Grammar Nazi or dilettante?

I’m reading a book at the moment full of “prithee, varlet” language. It’s as irritating as Hades, but maybe that’s just me. The atmosphere of fear is building, the characters are forming and the plot slowly emerging.

But despite the over-elaborate language, the author’s grammar is spot on. And that’s what saves it.

Writing is a form of communication and when we structure writing correctly then our message is unambiguous, even in “prithee” language. The reader reads what we intended them to read. Even in a very minimalist-styled book such as any of Lee Child’s Jack Reacher thrillers, the accuracy and clarity of the writing enables the reader to see exactly what the author is saying.

If we don’t write clearly, then the poor reader has to re-read sentences and pause to work out what he or she thinks we meant. After a few jolts to continuity, it’s inevitable that the reader’s pleasure diminishes. And after too many, the reader chucks the book on the floor.

Editors can, and do, do a wonderful job, but even they get to the hair-tearing stage in the face of relentless sloppiness. If they have the choice of working on a well-written manuscript and one weighed down with mistakes, guess which one they’ll prioritise?

Poor grammar and spelling are the things that irritate readers of self-published books  most, and most quickly, even in a free book. We have so much choice these days, why would we spend precious life-hours reading something that is written in a careless and sub-standard way?

However fabulous the plot, characters and narrative thrust of the story, good grammar and spelling matter.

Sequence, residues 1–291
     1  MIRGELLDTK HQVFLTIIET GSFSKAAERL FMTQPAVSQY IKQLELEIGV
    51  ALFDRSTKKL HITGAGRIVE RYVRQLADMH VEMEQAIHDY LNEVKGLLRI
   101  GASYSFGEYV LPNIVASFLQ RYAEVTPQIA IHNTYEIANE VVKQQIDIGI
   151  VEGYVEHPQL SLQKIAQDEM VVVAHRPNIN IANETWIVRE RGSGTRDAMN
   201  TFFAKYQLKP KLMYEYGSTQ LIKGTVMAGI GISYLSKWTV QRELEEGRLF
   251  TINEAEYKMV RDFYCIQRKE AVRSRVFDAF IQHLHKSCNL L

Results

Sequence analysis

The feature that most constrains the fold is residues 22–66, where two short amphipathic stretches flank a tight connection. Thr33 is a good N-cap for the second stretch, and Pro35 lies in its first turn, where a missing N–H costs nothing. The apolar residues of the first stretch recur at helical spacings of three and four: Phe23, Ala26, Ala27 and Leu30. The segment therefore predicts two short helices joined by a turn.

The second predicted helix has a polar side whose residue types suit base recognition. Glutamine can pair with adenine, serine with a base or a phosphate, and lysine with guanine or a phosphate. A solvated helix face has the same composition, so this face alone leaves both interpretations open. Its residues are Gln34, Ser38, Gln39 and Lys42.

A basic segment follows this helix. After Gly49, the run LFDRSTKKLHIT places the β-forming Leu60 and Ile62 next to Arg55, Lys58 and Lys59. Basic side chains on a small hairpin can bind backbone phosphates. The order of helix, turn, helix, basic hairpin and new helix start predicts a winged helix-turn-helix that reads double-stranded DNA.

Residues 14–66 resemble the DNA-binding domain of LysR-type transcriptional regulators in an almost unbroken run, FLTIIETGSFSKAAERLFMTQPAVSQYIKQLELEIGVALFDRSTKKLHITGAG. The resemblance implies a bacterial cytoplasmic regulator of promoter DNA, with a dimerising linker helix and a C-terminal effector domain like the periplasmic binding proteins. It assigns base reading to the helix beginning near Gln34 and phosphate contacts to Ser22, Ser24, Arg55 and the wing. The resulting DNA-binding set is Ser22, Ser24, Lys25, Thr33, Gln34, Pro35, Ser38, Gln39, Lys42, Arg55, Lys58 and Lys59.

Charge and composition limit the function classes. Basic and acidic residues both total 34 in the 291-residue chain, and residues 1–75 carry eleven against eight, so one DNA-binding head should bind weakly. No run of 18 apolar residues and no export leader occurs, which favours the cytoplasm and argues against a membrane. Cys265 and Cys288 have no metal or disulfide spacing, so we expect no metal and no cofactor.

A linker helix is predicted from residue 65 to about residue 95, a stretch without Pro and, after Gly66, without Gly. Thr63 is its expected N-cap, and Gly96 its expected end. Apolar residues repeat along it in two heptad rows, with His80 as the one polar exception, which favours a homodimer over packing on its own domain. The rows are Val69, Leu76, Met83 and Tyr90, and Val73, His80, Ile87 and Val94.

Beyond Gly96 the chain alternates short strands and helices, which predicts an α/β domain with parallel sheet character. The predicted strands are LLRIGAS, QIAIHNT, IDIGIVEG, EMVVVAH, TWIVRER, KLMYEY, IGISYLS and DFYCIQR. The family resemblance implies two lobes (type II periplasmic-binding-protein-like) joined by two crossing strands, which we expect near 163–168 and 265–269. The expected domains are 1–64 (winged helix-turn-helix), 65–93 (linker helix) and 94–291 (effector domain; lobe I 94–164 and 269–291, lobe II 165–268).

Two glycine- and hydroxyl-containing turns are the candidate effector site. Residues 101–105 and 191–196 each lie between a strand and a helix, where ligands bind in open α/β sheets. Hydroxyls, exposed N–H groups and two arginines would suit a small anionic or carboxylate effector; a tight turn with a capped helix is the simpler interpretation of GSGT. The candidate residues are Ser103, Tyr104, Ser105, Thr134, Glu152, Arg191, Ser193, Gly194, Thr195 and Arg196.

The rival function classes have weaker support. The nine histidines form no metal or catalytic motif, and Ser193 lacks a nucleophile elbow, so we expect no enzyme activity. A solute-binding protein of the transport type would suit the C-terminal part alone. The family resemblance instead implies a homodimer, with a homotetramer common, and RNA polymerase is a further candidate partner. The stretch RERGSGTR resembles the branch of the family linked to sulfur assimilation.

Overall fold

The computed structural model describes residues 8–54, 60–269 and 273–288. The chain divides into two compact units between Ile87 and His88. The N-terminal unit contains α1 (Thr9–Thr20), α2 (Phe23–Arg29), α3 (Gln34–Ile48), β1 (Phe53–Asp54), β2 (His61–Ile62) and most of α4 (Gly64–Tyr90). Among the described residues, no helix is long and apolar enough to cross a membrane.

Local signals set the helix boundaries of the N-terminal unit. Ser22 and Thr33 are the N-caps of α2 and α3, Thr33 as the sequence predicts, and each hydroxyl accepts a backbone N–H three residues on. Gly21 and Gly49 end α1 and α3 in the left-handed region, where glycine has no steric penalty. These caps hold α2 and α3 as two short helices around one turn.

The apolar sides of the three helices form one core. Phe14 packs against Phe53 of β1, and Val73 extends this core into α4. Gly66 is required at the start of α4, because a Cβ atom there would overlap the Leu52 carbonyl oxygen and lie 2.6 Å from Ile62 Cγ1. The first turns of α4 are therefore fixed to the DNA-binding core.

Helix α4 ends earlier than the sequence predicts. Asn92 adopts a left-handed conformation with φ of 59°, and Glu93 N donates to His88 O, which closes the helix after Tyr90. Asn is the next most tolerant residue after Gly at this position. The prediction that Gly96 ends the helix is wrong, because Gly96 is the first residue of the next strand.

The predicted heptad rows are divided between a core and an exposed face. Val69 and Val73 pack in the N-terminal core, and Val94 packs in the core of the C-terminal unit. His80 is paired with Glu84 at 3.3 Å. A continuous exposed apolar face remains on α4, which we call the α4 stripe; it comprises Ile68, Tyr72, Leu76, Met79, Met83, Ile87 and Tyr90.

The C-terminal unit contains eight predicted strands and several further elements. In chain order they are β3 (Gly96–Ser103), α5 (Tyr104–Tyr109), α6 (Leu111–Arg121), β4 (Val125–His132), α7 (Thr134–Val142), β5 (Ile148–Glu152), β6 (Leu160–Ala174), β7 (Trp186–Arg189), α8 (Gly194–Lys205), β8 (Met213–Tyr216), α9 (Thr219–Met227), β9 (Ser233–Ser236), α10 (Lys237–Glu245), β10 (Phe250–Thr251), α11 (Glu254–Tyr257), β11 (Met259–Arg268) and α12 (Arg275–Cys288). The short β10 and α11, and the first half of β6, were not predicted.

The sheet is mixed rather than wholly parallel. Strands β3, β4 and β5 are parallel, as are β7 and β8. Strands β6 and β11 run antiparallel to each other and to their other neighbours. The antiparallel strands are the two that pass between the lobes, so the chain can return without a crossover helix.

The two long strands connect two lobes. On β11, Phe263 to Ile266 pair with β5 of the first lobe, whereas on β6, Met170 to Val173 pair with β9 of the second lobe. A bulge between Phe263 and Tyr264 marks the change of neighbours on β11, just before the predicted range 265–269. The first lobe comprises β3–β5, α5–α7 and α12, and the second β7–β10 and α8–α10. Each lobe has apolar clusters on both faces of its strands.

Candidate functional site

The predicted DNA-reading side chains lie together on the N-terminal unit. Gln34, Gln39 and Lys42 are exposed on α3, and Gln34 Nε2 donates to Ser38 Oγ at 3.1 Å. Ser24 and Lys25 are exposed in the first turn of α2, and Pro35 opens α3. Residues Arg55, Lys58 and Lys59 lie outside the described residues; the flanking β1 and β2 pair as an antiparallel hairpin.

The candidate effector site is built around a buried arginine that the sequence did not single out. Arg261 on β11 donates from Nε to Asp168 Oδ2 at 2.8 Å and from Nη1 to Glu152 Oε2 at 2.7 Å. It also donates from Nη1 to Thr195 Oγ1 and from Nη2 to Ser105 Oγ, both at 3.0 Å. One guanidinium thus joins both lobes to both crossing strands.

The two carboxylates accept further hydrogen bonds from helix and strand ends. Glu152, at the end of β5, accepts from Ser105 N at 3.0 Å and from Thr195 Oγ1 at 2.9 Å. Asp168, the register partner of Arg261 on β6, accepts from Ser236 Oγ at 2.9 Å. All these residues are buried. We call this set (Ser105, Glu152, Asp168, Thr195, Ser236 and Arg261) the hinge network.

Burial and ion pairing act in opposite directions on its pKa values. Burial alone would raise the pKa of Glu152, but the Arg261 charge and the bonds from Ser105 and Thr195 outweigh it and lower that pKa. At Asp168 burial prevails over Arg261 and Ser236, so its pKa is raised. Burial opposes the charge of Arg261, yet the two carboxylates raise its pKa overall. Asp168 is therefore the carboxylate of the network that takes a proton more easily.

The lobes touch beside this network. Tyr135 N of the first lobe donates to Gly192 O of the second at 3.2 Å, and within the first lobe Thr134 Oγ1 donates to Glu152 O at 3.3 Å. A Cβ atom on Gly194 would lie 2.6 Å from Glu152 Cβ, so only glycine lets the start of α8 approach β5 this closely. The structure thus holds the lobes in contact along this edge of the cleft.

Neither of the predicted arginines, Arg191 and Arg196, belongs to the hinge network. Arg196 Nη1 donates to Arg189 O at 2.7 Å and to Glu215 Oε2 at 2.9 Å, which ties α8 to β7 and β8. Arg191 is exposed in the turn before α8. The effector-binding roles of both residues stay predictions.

Horrors to avoid (Any one of these makes me chuck the book on the floor.)
Can you say ‘you are’ instead? If so, then it’s ‘you’re’. ‘Your’ is to indicate something belonging to ‘you’, e.g. your book.
Can you say ‘it is’? Then it’s ‘it’s’. 😉  As with ‘your’, when used to show something that belongs to ‘it’, ‘its’ doesn’t have the abused apostrophe, e.g. “Gorgeous book. I love its cover.”
Can you say ‘here’ instead of ‘there’. e.g. ‘there are /here are’?  There you are, then. Remember, ‘their’ is very possessive…
‘Affect’ is an active verb. ‘Effect’ is the outcome, e.g. cause and effect. A quick way of remembering is that A comes before E, i.e. you have to affect something before you can see the effect.
‘Bored of’ or ‘bored with’?
Please don’t start me on this one. I hope you  know the correct version. See me in the comments if you don’t.

2 comments to Grammar Nazi or dilettante?

  • Oh brilliant!Another grammar geek. Welcome to my world. I am slowly eliminating from my students’ essays the following: abit alot, would of could of might of. What I frustrating is that most of them do not see these errors as problematic! Thee and me, lady. Thee and me.

  • Alison

    We’ll keep at it until we get bored of it… *cackles and ducks*